What is my task/role as a missionary? I will not attempt to speak for my colleagues and fellow missionaries around the world. What I seek to describe is how I understand my own calling/role/function as a missionary.
Through the years, missionaries have served the Lord in many capacities. Church planters, physicians, administrators, Bible translators, pilots, social workers, educators, evangelists, are only a few of the many roles and tasks taken on by missionaries around the world.
In our own 20 years on the field we have served as a consultant, administrator, Minister of Music, and as a church planting catalyst.
We were appointed in 1986 by the IMB as a Mass Media Consultant. Our first years of missionary service were spent working closely with the Ecuador Baptist Convention as director of their Mass Communications Commission.
This position evolved into an evangelistic counseling ministry known as Teleamigo. Several more years were spent in this ministry mainly in an administrative-director role.
When New Directions came along along around 1997, we took on the role as a church planting catalyst.
"Church Planter" is really not an accurate descriptor of my role as a missionary. I have never planted a single church. However we have functioned in a catalytic role to see over 250 churches planted in the past seven years. To me there is a critical difference between being a "church planter" and a "church planting catalyst." Allow me to explain...
If I set out to plant a church, with the help of the Lord, I might be able to plant one or two new churches per year. If, however, I refrain from actually planting a church and give myself instead to a catalytic function of training, mentoring, and coaching 50 others to plant churches, there will be anywhere from 20 to 30, and possibly even 50 churches planted. One church, or fifty. Which will make a greater impact upon lostness?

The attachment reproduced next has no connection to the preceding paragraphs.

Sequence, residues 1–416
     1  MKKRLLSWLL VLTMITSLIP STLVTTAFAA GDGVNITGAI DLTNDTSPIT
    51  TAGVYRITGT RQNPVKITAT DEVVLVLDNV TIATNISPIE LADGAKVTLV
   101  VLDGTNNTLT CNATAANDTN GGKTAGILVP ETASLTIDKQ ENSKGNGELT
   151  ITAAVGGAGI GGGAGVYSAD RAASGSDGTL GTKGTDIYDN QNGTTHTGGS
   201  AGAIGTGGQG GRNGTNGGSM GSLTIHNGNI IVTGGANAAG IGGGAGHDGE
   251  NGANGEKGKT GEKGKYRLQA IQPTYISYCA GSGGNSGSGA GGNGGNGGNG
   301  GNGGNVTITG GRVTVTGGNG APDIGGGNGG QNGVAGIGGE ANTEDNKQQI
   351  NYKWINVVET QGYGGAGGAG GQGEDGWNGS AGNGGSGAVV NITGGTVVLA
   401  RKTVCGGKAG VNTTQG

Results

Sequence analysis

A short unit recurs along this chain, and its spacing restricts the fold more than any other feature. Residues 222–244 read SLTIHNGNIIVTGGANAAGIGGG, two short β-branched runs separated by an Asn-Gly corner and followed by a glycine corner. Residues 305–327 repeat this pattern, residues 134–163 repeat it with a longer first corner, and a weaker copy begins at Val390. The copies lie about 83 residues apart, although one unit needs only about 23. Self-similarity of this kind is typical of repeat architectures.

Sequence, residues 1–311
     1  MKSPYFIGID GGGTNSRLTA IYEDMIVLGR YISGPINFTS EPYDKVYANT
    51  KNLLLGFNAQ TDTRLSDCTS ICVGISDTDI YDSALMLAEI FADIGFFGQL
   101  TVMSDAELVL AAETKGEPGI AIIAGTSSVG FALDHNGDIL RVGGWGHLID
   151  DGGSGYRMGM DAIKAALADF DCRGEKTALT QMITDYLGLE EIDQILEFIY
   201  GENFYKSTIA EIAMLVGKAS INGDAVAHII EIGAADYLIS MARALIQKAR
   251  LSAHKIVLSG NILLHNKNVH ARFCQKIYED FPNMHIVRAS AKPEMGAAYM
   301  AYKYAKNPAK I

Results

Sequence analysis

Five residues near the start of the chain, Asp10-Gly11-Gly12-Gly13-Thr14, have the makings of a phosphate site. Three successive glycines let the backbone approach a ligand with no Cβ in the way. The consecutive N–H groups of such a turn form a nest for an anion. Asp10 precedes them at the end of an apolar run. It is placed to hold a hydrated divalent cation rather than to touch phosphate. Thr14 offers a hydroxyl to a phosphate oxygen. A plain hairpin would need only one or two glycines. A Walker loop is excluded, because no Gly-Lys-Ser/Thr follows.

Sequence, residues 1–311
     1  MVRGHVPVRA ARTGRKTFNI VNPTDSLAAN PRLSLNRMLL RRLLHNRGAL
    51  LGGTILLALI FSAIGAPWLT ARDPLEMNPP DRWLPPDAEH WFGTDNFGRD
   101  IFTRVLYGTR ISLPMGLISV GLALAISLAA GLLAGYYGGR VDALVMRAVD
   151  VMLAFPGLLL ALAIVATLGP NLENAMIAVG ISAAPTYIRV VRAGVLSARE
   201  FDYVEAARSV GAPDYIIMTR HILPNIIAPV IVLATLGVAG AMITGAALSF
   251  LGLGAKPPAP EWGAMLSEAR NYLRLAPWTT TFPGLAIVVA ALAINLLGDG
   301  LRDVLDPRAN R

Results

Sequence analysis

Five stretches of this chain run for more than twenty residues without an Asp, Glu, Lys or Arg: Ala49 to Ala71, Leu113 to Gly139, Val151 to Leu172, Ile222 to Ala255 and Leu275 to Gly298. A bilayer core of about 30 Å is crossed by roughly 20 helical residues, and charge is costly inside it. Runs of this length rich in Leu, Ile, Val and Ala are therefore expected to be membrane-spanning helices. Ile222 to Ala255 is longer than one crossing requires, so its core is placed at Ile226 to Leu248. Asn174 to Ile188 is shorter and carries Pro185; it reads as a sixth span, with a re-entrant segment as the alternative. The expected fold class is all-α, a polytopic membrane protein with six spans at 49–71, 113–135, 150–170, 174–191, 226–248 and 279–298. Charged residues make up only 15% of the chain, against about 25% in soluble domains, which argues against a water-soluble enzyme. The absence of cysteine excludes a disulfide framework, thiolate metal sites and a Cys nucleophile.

Using the words of Ori Brafman and Rod Beckstrom in their provocative book, "The Starfish and the Spider", a catalyst is "any element or compound that initiates a reaction without fusing into that reaction..." They go on to explain, "Take nitrogen and hydrogen...put them in a container, close the lid, come back a day later, and...nothing will have happened. But add ordinary iron to the equation and you'll get ammonia...The thing is ammonia doesn't have any iron in it--it's made solely of hydrogen and nitrogen. The iron in this equation remains unchanged: it just facilitates the bonding of hydrogen and nitrogen in a certain way..."
This sums up so well what I feel my role/function is as a missionary. The authors clarify that in organizations, a catalyst is the person who does the initiating but then fades away into the background. A catalyst gets things going and then cedes control to the members. "The catalyst is an inspirational figure who spurs others to action...A catalyst is like the architect of a house: he's essential to the long-term structural integrity, but he doesn't move in." (pg.92-94) That is exactly what I feel my role is as a missionary--to spur others to action, and then get out of the way and allow God to work through their lives.
In our experience, outreach groups and new churches do not form by themselves in a vacuum. A human catalyst is needed if one is to see fruitful ministry. If you simply gather a bunch of people in the same room, not much is likely to happen of consequence. But add a CP catalyst and soon you have people talking and planning about planting churches.
While being careful to not make blanket statements that apply to everyone everywhere, I feel we need to have more of a catalytic mindset as missionaries. In our desire to impact lostness, too many of us are trying to do the work of "starting a church" when what we need to be doing is acting as a catalyst. A catalyst who can be used of the Lord to ignite dozens of fellow believers to step out in faith to carry out the Great Commission.